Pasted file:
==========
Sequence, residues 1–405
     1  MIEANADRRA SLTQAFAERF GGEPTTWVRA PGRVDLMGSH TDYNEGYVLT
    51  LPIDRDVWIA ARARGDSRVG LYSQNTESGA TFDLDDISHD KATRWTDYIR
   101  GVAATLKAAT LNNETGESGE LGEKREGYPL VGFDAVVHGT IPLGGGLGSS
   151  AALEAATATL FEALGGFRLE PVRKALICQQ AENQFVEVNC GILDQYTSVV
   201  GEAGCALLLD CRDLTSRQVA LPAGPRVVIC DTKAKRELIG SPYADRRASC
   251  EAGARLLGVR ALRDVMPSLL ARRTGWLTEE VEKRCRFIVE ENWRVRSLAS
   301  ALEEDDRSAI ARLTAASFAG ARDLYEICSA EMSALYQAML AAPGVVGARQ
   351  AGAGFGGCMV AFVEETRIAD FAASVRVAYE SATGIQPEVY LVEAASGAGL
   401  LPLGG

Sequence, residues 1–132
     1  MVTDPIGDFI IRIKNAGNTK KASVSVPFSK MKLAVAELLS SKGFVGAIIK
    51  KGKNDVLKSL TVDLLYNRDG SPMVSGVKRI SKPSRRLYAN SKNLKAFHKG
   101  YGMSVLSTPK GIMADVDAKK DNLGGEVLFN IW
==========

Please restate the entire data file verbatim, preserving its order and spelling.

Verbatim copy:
Sequence, residues 1–405
     1  MIEANADRRA SLTQAFAERF GGEPTTWVRA PGRVDLMGSH TDYNEGYVLT
    51  LPIDRDVWIA ARARGDSRVG LYSQNTESGA TFDLDDISHD KATRWTDYIR
   101  GVAATLKAAT LNNETGESGE LGEKREGYPL VGFDAVVHGT IPLGGGLGSS
   151  AALEAATATL FEALGGFRLE PVRKALICQQ AENQFVEVNC GILDQYTSVV
   201  GEAGCALLLD CRDLTSRQVA LPAGPRVVIC DTKAKRELIG SPYADRRASC
   251  EAGARLLGVR ALRDVMPSLL ARRTGWLTEE VEKRCRFIVE ENWRVRSLAS
   301  ALEEDDRSAI ARLTAASFAG ARDLYEICSA EMSALYQAML AAPGVVGARQ
   351  AGAGFGGCMV AFVEETRIAD FAASVRVAYE SATGIQPEVY LVEAASGAGL
   401  LPLGG

Sequence, residues 1–132
     1  MVTDPIGDFI IRIKNAGNTK KASVSVPFSK MKLAVAELLS SKGFVGAIIK
    51  KGKNDVLKSL TVDLLYNRDG SPMVSGVKRI SKPSRRLYAN SKNLKAFHKG
   101  YGMSVLSTPK GIMADVDAKK DNLGGEVLFN IW